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December 16, 2019, 03:29:28 pm

Author Topic: How Tiring Is Studying Medicine ?  (Read 429 times)  Share 

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How Tiring Is Studying Medicine ?
« on: July 20, 2019, 10:16:06 pm »
« Last Edit: September 01, 2019, 08:06:41 pm by Geoo »
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Re: How Tiring Is Studying Medicine ?
« Reply #1 on: July 20, 2019, 10:17:49 pm »
Got any ambition of becoming Australia's best Food Scientist?
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Re: How Tiring Is Studying Medicine ?
« Reply #2 on: July 20, 2019, 10:29:29 pm »
Just a question to people who are doing med, or someone who has completed their MD and is practicing medicine.
When I say tiring, I don't mean the "what you study" part. I am referring to how much work and time is required to study medicine and practice it.
I have an illness were I am chronically fatigued, which inhibits my day to day life so much so, that I can't attend normal highschool. I do it online.
I have always liked medicine and have thought of becoming a Dr not only from my personal experience, but with my love of science.

I thought I might be able to manage the workload of a full time or part time load of the degree, but I have heard the hours of residency in 3rd and 4th years are very long and tiring, and I don't think I am able to do that. I have heard that some peoples shifts can be 12 - 16 hours, along with studying for exams.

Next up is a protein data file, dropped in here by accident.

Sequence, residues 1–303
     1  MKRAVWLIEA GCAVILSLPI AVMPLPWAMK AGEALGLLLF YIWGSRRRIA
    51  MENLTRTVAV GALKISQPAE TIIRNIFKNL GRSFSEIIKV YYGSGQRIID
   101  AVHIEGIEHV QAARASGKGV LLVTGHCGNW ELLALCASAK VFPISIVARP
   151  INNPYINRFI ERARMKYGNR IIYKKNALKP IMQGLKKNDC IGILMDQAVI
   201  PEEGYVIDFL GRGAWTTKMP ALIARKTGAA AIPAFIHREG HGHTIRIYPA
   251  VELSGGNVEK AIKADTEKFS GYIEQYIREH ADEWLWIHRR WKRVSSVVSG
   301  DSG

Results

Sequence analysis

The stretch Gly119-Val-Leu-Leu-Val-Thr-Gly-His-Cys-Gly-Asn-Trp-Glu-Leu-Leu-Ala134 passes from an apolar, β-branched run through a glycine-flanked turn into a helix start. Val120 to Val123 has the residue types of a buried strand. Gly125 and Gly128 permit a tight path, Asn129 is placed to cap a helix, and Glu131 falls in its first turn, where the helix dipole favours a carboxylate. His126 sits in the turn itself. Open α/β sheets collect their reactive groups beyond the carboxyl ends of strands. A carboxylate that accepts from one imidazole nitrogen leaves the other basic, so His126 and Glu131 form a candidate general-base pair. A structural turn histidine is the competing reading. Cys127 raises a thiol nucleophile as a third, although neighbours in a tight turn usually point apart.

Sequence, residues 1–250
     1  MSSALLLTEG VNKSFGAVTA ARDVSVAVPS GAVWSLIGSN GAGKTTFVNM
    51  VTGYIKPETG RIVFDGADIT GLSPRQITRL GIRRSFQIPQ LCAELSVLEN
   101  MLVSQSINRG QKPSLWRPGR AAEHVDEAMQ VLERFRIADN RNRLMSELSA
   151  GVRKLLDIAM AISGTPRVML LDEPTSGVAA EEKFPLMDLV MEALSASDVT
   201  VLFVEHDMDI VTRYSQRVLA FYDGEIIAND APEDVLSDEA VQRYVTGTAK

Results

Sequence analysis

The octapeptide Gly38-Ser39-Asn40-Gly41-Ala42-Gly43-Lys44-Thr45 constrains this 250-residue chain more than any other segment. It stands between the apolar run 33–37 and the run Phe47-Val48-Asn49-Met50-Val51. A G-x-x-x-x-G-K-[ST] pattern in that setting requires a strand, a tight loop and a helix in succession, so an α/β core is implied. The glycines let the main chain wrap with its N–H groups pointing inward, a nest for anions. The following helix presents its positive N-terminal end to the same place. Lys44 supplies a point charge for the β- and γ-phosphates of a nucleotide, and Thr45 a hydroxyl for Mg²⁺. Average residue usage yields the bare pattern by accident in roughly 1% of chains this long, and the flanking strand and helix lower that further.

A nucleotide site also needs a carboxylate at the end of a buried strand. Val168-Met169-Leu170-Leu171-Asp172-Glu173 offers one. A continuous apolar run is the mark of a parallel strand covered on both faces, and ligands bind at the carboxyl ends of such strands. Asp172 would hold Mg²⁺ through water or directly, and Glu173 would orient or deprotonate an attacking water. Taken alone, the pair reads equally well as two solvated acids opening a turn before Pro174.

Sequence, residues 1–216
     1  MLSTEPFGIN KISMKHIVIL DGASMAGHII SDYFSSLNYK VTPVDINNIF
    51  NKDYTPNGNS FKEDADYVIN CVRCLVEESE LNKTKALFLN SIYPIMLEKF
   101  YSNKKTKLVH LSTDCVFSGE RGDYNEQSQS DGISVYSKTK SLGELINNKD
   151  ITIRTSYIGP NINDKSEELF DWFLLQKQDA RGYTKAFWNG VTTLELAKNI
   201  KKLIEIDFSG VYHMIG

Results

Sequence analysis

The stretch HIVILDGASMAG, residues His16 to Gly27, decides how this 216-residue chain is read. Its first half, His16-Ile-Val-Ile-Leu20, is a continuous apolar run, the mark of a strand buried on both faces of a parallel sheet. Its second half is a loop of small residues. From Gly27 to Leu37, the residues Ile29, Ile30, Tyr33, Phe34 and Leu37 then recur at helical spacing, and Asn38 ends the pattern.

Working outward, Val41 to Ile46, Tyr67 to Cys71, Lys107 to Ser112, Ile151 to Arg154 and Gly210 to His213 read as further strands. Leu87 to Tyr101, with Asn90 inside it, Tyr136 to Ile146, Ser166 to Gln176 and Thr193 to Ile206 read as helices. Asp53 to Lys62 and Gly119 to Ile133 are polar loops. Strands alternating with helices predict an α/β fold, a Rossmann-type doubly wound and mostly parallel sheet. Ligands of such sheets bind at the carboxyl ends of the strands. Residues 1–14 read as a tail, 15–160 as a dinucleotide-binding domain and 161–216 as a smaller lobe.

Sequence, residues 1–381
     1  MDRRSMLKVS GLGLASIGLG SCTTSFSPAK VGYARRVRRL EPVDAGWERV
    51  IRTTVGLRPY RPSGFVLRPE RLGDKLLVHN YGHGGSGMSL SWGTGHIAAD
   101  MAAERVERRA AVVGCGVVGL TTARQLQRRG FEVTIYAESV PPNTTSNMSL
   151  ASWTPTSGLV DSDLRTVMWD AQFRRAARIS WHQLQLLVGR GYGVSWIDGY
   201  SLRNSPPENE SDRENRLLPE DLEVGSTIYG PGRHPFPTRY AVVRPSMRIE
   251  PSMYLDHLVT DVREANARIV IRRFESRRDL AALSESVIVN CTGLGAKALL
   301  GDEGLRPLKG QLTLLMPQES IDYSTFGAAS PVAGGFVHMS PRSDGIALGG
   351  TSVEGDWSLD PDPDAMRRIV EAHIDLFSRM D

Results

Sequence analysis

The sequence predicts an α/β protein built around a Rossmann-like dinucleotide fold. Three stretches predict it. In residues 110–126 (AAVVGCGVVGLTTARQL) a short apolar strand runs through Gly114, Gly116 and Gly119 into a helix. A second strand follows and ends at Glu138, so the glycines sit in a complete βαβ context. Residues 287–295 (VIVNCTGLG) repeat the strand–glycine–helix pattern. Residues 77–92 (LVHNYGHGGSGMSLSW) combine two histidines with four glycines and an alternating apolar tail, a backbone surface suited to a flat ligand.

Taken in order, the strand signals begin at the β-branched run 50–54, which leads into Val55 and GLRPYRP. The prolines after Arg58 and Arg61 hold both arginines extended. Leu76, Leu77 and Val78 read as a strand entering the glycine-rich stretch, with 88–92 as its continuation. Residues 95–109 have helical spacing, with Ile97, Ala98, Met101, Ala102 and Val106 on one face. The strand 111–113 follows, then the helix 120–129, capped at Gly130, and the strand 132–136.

I haven't even taken into account what expertise I would like to go in, and how much more hours and time that would mean.

Even if I did pass the course, I can't see myself working extremely  long hours. This is not out of laziness, just my condition. I could manage more of a consultation type of job, like how you would see a GP, but I would still need to undergo training.

So you can see my dilemma here. I don't know if I am capable of handling all the hours of studying and practicing medicine, and even if I did get through uni, I don't think any hospital would accept me for residence as I could only work shorter shifts.
Is medicine still possible for me?
I do have my backups, like doing the back end of medicine, whether that is research or maybe pharmaceuticals, i don't know.

you're in a really tight position.
Medicine is known to be a tough course - both mentally and physically draining.

I'm sure there will be some part of medicine that could use your contribution, for now, I would just stick to working hard.

You do make a good point about being hired by a hospital, but dont stress to much about that rn 
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Re: How Tiring Is Studying Medicine ?
« Reply #3 on: July 21, 2019, 03:20:13 pm »
Medicine is certainly very demanding, but the willingness of the medical profession to provide reasonable accommodations to people with disabilities is increasing (finally). So I wouldn't discount it as an option simply because of your circumstances, whilst acknowledging that it would be tough.
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Re: How Tiring Is Studying Medicine ?
« Reply #4 on: July 21, 2019, 07:21:08 pm »
Furthermore, while you're at uni you can register with places like Disability Support Services and they can help modify things like assessment tasks for you to make them more suitable to you. I've been registered with Monash's DSS since first year and have found them super helpful.
Then when it comes to your clinical years, I assume med is similar to physio in that you'd have someone who deals with fitness to practice issues. In my course, they liaise with the places you go on placement to let them know of any adjustments that need to be made, and they can organise things like rest days or shorter days, and they're a point of contact for you to have when you're finding things a bit tough on placement.
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